Recent changes to the EAR regulations provides a way for organizations to store data in Cloud environments and stay compliant with export rules. We first learned of these changes in the June 3, 2016 Federal Register but they are now final and part of the U.S. Code 15 CFR 734.18 and 734.19.
In short, the changes mean that organizations can store export controlled data in private and public Cloud environments like SharePoint, Office 365, Azure, Google, Box, etc., provided that the information has been secured using “end to end encryption.” End-to-end encryption in this case does not simply mean network transmission security such as a Virtual Private Network (VPN) or HTTPS. The definition of “end to end encryption” in the regulation is technologically means that the information must be encrypted and remain encrypted between the originator and recipient of the information, and that no unauthorized third parties have the ability to decrypt the information.
The requirement that third parties cannot decrypt is critical for employing end-to-end encryption as a means to comply with EAR. The native data at rest encryption feature of most Cloud Service Providers will not meet the definition of end-to-end encryption since the Cloud provider has access to both the data and the encryption key. Possession of the data and the decryption key allows Cloud providers the ability to access export controlled data without authorization by the information owner (originator), which violates 734.19. Further, data at rest encryption is not end-to-end encryption, at all. Data at rest encryption is only applied when the data…is at rest.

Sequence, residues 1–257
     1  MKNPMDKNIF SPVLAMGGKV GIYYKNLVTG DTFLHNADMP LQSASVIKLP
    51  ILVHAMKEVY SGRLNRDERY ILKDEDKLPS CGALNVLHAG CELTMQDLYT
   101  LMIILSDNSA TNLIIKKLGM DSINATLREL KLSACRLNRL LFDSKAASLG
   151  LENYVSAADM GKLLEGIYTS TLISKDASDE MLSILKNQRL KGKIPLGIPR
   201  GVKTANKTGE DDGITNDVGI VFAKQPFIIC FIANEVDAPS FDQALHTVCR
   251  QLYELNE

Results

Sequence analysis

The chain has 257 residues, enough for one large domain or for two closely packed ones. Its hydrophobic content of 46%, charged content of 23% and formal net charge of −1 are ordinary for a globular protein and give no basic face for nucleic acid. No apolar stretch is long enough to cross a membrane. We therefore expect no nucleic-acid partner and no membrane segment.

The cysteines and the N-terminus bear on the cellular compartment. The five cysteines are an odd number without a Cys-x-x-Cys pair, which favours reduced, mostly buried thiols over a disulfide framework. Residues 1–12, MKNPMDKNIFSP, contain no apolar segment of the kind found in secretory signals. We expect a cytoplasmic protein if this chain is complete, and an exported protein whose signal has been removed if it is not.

Note that the encryption related changes were NOT adopted in the ITAR regulation. Businesses that need to store ITAR technical data in the cloud must find ITAR-compliant cloud offerings. This blog has excellent analysis of changes and what was and was not included into ITAR.
For your convenience the sections of regulation cited in this blog are below:
§734.18 Activities that are not exports, reexports, or transfers.
(5) Sending, taking, or storing “technology” or “software” that is:
(ii) Secured using `end-to-end encryption;’
(iii) Secured using cryptographic modules (hardware or “software”) compliant with Federal Information Processing Standards Publication 140-2 (FIPS 140-2) or its successors, supplemented by “software” implementation, cryptographic key management and other procedures and controls that are in accordance with guidance provided in current U.S. National Institute for Standards and Technology publications, or other equally or more effective cryptographic means; and
(iv) Not intentionally stored in a country listed in Country Group D:5 (see supplement no. 1 to part 740 of the EAR) or in the Russian Federation.
Note to paragraph (a)(4)(iv): Data in-transit via the Internet is not deemed to be stored.
(b) Definitions. For purposes of this section, End-to-end encryption means (i) the provision of cryptographic protection of data such that the data is not in unencrypted form between an originator (or the originator’s in-country security boundary) and an intended recipient (or the recipient’s in-country security boundary), and (ii) the means of decryption are not provided to any third party. The originator and the recipient may be the same person.
(c) Ability to access “technology” or “software” in encrypted form. The ability to access “technology” or “software” in encrypted form that satisfies the criteria set forth in paragraph (a)(5) of this section does not constitute the release or export of such “technology” or “software.”
§734.19 Transfer of access information.
To the extent an authorization would be required to transfer “technology” or “software,” a comparable authorization is required to transfer access information if done with “knowledge” that such transfer would result in the release of such “technology” or “software” without a required authorization.
This is an update version of a blog originally published on cipherpoint.com.